On the eve of Cosmopolis’ release in Australia, I had a funny conversation with my sister tonight – somehow Rob came up – go figure. Anyway I tell her I’m seeing Cosmopolis tomorrow night and she says, there’s a really good review of Cosmopolis in this month’s Law Society Journal. Really I say … hmm I’ll go check it out. Never thought I’d see Rob in the LawSoc Journal but there ya go. I’ll try and get a scan of the article, but in the meantime, here is Michèle Asprey’s review. I have a feeling you are going to like it:
“Is it coincidence, or something in the zeitgeist? There’s a curiosity in cinema whereby two films release on the same topic at around the same time (for example, in 2005, Capote(Miller) and Infamous(McGrath)). There are many examples. And it’s happened again.
This month two films appeared featuring a protagonist who rides around a big city in a stretch limo over the course of one day, for the full length of the film, interacting with other characters in a series of vignettes. One was Leos Carax’s very strange Holy Motors(with Kylie Minogue), which divided audiences recently at the Cannes Film Festival. The other was David Cronenberg’s latest, Cosmopolis.
Cronenberg not only directed but wrote the screenplay for Cosmopolis, adapting Don DeLillo’s 2003 book of the same name. Cronenberg has been busy lately. A Dangerous Method, about the relationship between Carl Jung and Sigmund Freud, has only just left our cinemas.
DeLillo’s book also divided readers and critics. One critic found it “eerily brilliant”, others considered it a victory of style over substance. The same argument is likely over the film, but I’m on the side of eerie brilliance.
Cronenberg took only six days to adapt the screenplay from the novel, because he found the novel’s dialogue so marvelous. He said he “started typing down all the dialogue from the book on my computer without changing or adding anything. It took me three days. When I was done, I wondered, ‘Is there enough material for a film? I think so’.”
As a result, the dialogue is very literary, not naturalistic. But it is entrancing: more akin to poetry than prose.
It helps that Cronenberg has assembled a fascinating cast to speak this poetic dialogue. First, he recruited teen heartthrob Robert Pattinson, famous for playing a vampire in theTwilight series of films (one every year since 2008, with one more due in 2012). Pattinson plays the lead, 28-year-old billionaire asset manager Eric Packer, who rides across New York in a limo over the course of one day in order to get his hair cut. Pattinson acquits himself very well, handling the arch dialogue with wit and precision.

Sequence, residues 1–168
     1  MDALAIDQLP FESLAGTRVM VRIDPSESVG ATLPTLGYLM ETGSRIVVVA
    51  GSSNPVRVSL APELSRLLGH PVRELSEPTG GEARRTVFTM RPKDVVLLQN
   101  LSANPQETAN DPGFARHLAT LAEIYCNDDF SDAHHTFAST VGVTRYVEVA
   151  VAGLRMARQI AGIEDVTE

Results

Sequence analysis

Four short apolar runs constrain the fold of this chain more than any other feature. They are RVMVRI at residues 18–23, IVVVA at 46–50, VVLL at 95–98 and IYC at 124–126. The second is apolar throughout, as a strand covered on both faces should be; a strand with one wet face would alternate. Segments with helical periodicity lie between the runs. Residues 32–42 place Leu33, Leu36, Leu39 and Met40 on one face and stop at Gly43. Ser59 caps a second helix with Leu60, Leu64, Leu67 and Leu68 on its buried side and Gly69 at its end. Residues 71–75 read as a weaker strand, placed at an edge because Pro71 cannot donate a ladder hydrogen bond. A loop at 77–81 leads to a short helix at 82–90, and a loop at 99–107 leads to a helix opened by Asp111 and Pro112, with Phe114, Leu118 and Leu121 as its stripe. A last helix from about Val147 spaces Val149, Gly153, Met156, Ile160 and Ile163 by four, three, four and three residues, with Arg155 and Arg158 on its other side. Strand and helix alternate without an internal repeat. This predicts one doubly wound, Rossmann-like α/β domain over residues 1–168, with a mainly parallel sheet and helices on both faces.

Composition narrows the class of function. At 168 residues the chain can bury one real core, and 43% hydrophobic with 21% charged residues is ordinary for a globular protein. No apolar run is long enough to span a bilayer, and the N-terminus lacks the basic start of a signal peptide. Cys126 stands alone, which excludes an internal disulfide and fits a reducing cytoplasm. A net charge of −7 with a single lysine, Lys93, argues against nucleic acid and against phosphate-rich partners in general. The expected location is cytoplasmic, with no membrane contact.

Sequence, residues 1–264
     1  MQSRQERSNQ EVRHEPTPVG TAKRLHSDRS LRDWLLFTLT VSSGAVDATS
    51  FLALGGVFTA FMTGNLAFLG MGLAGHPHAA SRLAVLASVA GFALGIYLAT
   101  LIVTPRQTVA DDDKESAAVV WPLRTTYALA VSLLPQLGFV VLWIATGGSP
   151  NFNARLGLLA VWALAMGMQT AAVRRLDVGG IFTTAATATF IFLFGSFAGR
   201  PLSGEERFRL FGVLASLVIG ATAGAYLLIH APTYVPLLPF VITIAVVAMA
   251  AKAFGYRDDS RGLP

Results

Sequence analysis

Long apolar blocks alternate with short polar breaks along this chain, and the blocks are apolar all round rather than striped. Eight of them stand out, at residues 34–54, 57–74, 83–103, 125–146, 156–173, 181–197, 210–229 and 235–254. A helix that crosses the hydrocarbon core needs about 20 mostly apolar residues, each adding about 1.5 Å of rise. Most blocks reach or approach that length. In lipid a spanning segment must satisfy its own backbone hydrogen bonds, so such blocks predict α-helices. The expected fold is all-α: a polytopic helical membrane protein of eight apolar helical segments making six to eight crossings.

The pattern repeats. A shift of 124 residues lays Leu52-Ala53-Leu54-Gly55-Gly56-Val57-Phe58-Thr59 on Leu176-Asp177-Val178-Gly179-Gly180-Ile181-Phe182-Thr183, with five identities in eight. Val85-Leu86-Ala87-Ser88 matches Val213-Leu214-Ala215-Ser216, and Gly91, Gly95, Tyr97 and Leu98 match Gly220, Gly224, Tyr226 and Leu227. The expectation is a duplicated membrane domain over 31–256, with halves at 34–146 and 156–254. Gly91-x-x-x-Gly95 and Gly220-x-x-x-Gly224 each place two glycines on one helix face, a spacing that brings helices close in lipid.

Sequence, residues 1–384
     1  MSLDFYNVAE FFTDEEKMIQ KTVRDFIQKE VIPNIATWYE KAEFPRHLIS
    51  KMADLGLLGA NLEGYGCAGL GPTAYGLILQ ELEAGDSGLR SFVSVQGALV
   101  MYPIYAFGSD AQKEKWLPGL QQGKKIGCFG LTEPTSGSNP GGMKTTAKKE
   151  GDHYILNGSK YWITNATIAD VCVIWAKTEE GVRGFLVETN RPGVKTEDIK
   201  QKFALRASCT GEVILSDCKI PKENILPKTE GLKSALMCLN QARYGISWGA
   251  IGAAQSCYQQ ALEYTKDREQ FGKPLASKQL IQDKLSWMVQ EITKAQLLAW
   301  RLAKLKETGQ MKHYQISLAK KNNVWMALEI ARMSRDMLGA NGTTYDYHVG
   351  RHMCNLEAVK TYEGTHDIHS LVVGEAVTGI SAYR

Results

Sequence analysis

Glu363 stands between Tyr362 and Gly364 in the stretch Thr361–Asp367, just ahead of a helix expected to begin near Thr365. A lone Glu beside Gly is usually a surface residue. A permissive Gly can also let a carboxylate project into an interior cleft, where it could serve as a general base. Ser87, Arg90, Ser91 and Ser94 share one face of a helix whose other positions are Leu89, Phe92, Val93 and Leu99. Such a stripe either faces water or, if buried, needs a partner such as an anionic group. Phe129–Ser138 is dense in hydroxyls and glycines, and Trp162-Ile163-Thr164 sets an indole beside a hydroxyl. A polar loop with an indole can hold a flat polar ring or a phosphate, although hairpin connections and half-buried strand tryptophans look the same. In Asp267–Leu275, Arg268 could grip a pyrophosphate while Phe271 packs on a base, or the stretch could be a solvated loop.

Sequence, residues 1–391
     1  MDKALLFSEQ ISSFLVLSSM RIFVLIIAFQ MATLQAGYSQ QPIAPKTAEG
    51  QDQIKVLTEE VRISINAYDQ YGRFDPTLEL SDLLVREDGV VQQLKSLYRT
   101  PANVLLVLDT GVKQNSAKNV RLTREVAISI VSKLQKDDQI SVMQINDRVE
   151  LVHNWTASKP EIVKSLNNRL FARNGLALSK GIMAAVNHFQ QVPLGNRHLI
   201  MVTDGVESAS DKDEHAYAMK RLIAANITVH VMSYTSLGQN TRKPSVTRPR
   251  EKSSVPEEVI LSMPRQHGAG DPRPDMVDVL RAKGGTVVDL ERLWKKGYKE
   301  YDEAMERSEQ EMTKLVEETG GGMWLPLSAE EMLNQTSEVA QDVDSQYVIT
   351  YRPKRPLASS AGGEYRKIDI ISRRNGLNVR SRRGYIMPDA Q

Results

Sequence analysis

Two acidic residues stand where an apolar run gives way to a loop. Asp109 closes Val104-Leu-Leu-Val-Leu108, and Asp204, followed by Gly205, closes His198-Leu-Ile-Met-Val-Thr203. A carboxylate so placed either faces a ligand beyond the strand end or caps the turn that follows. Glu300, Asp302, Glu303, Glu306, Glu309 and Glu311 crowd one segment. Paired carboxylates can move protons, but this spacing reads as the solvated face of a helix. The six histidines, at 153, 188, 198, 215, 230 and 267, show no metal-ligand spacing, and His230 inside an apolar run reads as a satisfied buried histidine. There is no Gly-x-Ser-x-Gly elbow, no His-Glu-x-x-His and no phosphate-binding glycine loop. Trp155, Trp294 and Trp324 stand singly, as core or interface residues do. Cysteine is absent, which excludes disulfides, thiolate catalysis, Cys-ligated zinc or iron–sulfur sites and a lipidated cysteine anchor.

A passing parade of actors encounters Packer one by one, mostly in the limo but occasionally outside. Among others, there’s his head of security (Kevin Durand), chief of technology (a twitchy Jay Baruchel), a former lover and current art adviser (Juliet Binoche), chief of theory (Samantha Morton, who has the most abstract dialogue to spout), and his obscenely wealthy wife (Sarah Gadon). Packer’s doctor even conducts daily health checks in the limo, examining his prostate while Packer simultaneously discusses the economy of China and flirts with his chief of finance (Emily Hampshire).
As Packer moves slowly across a gridlocked city (the US President is in town), his currency analyst warns him he’s over-exposed to the Chinese yuan. In the book, nine years old now, it was the yen (how global finance has changed since 2003). His chief of security warns him of a credible threat of assassination (of Packer, not the President), and protestors crowd the streets, daubing the limo with paint. Will Packer’s impassive facade crack under such pressure?
The answer comes in the lead-up to his tense confrontation with Paul Giamatti, playing a disgruntled former employee. It’s another brilliant performance from Giamatti, whose search for life’s meaning is the antithesis of Packer’s ruthless detachment.
There are no answers to the global financial crisis here. That’s not so surprising given the book predated the GFC by some years. But that’s also what’s so astonishing. The book has anticipated so much of what transpired in those intervening years – even down to Rupert Murdoch’s pie in the face! And Cronenberg has managed to transform this difficult, wordy, prescient book into a vehicle as sleek and polished as a limousine.”